Welcome to the World of Ralph Dale Earnhardt Jr.
Just for a moment, try and imagine this. You are 36 years old, you drive a race car for a living and you have won 13 total races at Daytona (top-five all-time)—apparently without talent.
You’ve swept the weekend at Bristol, but don’t possess the mentality to be aggressive behind the wheel. You won two consecutive Nationwide Championships, but you are an average driver.
You were ranked the 24th Greatest Driver in Nascar’s first 60 years by the same media that has compared you to Ryan Leaf. Welcome to the world of Ralph Dale Earnhardt, Jr.
Your Nationwide winning percentage is better than Saturday superstar Kevin Harvick’s. You have more Cup victories than Kahne, Harvick, Biffle, Newman, Curtis Turner and Donnie Allison.
You have 18 Cup wins, in fact—which would make you Harry Gant or Geoff Bodine if your last name wasn’t Earnhardt. You own a Daytona 500 and an all-star race, which is pretty stout for someone who can’t drive.
Your five Talladega victories should place you alongside Buddy Baker, but your father won 10 times there. You are Bodine without a bobsled man, and we all thought he was pretty darn good.
But the same cannot be said for you. Read any article from the most respected NASCAR journalists (Hinton, Menzer and Owens to name a few), and they will suggest you simply don’t have the talent.
And so you have become the only driver in NASCAR history whose 46 trips to Victory Lane (across the top-two series) can be chalked up to luck. Against the best drivers in the world, someone of your mediocre ability has apparently been the beneficiary of miraculous fortune.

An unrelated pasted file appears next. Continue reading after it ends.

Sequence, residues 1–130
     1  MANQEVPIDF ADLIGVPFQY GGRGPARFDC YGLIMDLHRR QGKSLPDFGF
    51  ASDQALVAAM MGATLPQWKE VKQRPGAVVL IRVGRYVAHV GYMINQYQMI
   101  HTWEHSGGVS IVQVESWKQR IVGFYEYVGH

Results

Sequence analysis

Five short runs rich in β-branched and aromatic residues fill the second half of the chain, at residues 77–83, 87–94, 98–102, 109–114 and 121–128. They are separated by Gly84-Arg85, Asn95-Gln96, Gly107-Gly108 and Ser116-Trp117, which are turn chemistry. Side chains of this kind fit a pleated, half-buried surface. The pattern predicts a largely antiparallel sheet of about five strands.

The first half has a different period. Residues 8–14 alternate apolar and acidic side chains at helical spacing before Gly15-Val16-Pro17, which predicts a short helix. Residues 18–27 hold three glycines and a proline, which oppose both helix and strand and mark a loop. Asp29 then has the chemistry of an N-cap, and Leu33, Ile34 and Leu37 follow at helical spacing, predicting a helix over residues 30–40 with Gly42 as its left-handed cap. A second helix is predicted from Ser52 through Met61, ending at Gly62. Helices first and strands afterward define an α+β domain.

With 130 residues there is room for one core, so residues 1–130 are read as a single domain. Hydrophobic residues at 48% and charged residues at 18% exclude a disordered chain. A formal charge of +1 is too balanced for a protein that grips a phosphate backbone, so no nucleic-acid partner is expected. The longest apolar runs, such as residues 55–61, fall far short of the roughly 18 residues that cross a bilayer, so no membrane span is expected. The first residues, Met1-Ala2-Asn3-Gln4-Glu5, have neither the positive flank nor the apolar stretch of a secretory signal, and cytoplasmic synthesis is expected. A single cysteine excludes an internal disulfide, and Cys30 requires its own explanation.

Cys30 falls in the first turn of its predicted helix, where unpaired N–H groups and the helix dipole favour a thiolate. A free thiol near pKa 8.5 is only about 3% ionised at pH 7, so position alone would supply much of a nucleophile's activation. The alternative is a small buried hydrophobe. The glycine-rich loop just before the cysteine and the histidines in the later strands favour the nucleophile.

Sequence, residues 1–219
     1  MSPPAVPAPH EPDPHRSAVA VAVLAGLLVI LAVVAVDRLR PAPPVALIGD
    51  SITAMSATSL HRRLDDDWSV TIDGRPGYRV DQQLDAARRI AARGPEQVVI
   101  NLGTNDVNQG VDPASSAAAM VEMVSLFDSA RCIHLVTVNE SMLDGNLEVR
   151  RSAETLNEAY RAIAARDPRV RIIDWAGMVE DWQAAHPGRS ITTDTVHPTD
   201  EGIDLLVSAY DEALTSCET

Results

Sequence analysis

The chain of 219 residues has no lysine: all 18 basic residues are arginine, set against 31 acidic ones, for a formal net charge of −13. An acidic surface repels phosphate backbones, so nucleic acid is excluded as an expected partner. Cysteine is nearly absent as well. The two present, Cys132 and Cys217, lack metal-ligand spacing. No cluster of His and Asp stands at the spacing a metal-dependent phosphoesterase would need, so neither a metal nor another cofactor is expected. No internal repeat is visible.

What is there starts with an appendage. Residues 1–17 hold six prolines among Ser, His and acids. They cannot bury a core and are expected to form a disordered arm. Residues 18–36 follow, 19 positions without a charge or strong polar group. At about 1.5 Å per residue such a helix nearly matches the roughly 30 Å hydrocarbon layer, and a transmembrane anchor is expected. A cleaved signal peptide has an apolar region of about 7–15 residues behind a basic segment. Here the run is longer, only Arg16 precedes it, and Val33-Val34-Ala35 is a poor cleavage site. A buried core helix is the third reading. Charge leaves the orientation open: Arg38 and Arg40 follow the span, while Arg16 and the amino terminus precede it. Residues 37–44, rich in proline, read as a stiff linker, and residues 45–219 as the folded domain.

You aren’t good under pressure, either—which you illustrated by winning the first race at Daytona after your father was killed there, the first race after 9/11, and your first race at Hendrick Motorsports.
And you lack the mental toughness to be successful, despite the fact that you carry the sport (and the weight of your name) on your shoulders week after week with grace, humility, candor and class.
As for the well-documented slump, it is hardly unprecedented. Jeff Burton went six years between wins without forgetting how to drive. And Mark Martin went 100 races without a trip to Victory Lane without having his talent questioned once.
Even your paltry one win in three years at HMS is as many as Jeff Gordon has earned.
But the media has you figured out. Although you have said you want to race into your 50s, Hinton predicts you’ll throw in the towel before 40. You don’t care enough, as your passionate tirades on the radio reveal.
And you don’t work hard enough—unless you ask slackers Jimmie Johnson or Rick Hendrick who say that is B.S.
In addition, you have too many outside interests—chief among them, the 200-plus wishes you’ve granted to chronically ill children. Your lack of dedication is part of the problem.
So take the next couple weeks and reflect on the lack of success documented above. Ruminate about the unmet expectations. Lament over the plethora of trophies you have hoisted.
And if you happen to make it back to Victory Lane in 2011, just remember that you got there in spite of your limited driving talent, poor attitude, waning desire and questionable work-ethic.
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